Newborn Screening Information for Families: Screening Results - Minnesota Dept. of Health

Newborn Screening Information for Families:
Screening Results

Blood spot icon

Blood Spot Screening

Once your baby's blood spots arrive at the Newborn Screening Program, screening takes several days. When screening is complete, you can request a copy of your baby's results by asking your baby's doctor. A good time to ask about your baby's results is at your first well-child visit. There are several possible results in newborn blood spot screening. See below for a brief overview of four of these possible results: Negative (Normal), Trait, Borderline, and Positive/Abnormal.

  • Results are mailed to the birth hospital or out-of-hospital birth provider.
  • The birth hospital or out-of-hospital birth provider forwards results to your baby's doctor.
  • At the time of birth, be sure to give the hospital staff or out-of-hospital birth provider the name of your baby’s doctor or clinic so that results can be promptly sent.
  • Newborn Screening Program staff will call your baby's doctor or clinic to inform them of the result.
  • Newborn Screening Program staff will mail you a packet of information about this result.
  • Your baby's doctor will discuss this result with you at a regularly scheduled well-child visit.
  • For more information, please refer to the Newborn Screening Information for Families: Hemoglobin and Sickle Cell Trait page.
  • Newborn Screening Program staff will call your baby's doctor or clinic to inform them of the result.
  • Your baby's doctor will contact you to arrange for a repeat newborn screen or other recommended blood work.
  • For more information, please refer to the Borderline Newborn Screening Results: Family Fact Sheet (PDF).
  • Newborn Screening Program staff will call your baby's doctor or clinic to inform them of the result.
  • Your baby's doctor will contact you to discuss the next steps.
  • More testing is usually needed to know if your baby has the disorder.
  • There are interventions and treatments available to babies who are confirmed to have a disorder identified by newborn screening.
  • Following up with your baby’s doctor is very important to your baby's health.
  • For information on a specific disorder, please refer to the Screening Panel and Disorder-Specific Information page.

Note: If your baby receives a result not listed above, your baby’s doctor will discuss the result with you and will notify you if further testing is necessary.


Hearing screening icon

Hearing Screening

Your baby's hearing results will be available on the same day of screening. A nurse or midwife will explain the results to you and discuss whether follow-up testing is needed. See below for a brief overview of possible hearing screen results: PASS and REFER (did not pass).

  • The hospital or out-of-hospital birth provider will send the results to your baby's doctor or clinic.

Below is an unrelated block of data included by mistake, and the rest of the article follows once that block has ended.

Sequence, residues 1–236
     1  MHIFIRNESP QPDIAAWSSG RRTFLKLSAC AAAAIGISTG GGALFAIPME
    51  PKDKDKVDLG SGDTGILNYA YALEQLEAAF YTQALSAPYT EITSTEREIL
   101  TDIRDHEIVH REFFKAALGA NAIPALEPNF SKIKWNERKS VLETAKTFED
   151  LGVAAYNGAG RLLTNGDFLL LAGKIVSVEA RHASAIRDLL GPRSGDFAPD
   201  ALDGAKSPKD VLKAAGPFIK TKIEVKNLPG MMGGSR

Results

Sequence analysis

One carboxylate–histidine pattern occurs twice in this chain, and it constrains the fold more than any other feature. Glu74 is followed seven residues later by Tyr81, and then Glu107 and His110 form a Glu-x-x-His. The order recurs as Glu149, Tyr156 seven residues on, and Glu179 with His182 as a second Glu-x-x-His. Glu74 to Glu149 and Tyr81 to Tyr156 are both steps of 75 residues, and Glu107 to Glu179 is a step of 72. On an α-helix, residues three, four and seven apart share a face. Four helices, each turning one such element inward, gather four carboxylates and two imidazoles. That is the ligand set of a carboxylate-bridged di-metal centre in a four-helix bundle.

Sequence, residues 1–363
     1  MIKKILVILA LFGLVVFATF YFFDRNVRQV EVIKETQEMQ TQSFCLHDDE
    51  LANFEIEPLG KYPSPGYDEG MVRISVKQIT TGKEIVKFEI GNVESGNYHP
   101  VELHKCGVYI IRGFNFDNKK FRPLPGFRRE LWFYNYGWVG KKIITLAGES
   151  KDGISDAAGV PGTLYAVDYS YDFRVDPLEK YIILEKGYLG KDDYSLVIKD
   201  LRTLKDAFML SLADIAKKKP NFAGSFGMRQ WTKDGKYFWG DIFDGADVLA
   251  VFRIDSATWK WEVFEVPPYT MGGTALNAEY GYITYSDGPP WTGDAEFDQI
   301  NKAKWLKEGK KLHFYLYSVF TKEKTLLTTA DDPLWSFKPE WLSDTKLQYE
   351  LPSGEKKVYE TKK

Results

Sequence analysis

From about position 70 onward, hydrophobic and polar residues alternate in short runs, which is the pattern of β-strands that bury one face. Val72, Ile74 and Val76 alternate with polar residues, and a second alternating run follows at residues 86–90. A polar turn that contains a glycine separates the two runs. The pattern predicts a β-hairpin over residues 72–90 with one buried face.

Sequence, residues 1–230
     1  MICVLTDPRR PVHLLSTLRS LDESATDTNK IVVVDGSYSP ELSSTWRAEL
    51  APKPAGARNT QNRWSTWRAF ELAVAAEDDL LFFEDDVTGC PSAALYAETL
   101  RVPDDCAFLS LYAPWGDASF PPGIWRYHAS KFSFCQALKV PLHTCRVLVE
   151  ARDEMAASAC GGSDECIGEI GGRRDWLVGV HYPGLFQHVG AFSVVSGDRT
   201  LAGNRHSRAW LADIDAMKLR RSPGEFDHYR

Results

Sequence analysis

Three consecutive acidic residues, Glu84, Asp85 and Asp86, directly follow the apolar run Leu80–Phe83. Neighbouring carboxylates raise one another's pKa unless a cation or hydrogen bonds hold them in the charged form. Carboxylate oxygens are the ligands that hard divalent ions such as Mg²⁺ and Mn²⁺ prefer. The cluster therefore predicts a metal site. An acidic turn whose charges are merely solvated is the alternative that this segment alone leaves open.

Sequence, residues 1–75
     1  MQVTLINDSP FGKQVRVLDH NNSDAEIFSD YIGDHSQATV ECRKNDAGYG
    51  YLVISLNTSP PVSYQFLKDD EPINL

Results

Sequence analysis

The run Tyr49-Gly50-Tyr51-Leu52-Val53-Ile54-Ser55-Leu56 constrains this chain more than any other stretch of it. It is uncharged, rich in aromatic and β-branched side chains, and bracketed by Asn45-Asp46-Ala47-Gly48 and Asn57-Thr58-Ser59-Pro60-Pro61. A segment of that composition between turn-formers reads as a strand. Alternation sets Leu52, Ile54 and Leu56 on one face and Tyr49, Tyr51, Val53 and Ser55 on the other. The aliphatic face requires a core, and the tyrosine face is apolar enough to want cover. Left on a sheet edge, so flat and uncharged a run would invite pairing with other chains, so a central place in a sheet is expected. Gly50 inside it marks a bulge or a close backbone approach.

• Though it is unlikely that your baby has a hearing loss at the time of screening, it is important to monitor your child and make sure certain language milestones are met. Handouts that outline what milestones parents can expect throughout their child's first two years of life can be found on the Education Materials and Forms page.
  • A nurse or midwife will notify you and your baby's doctor of the result.
  • A follow-up appointment to have your baby's hearing rechecked should be scheduled for you no later than two weeks after your baby's initial hearing screen.
  • If your baby does not pass the hearing rescreen, further testing is necessary and an appointment with an audiologist should be scheduled for you as soon as possible.
  • Following up with these hearing screens and tests is important to be able to identify if your baby has a hearing loss.
  • More information on REFER hearing results, can be found on the Screening Panel and Disorder-Specific Information page.

Pulse oximetry icon

Pulse Oximetry Screening

Your baby's pulse oximetry results will be available on the same day of screening. A nurse or midwife will explain the results to you and discuss whether follow-up testing is needed. See below for a brief overview of possible pulse oximetry screen results: Pass and Did Not Pass.

  • A nurse or midwife will notify you and your baby's doctor of the result.
  • The hospital or out-of-hospital birth provider will send the results to your baby's doctor or clinic.
  • Pulse oximetry screening does not detect all cases of critical congenital heart disease (CCHD). It is important your baby receives regular checkups with a doctor and for you to watch your baby's H.E.A.R.T for signs of CCHD:

    Heart rate – beating too fast or too slow?
    Energy – overly sleepy or agitated?
    Appearance – pale or blue skin?
    Respiration – breathing too fast or too slow?
    Temperature – cold to the touch?

  • A nurse or midwife will notify you and your baby's doctor of the result.
  • Your baby's care provider will immediately arrange for further testing and evaluation to determine if your baby has critical congenital heart disease (CCHD). It is important to remember that not passing the screen does not necessarily mean that your baby has CCHD. However, it is important for follow-up testing to occur as soon as possible to determine whether or not your baby has a heart problem, breathing problem, or an infection.
  • Babies with CCHD need surgery within the first year of life. Each baby with CCHD will require a unique treatment plan developed for his or her particular heart defect.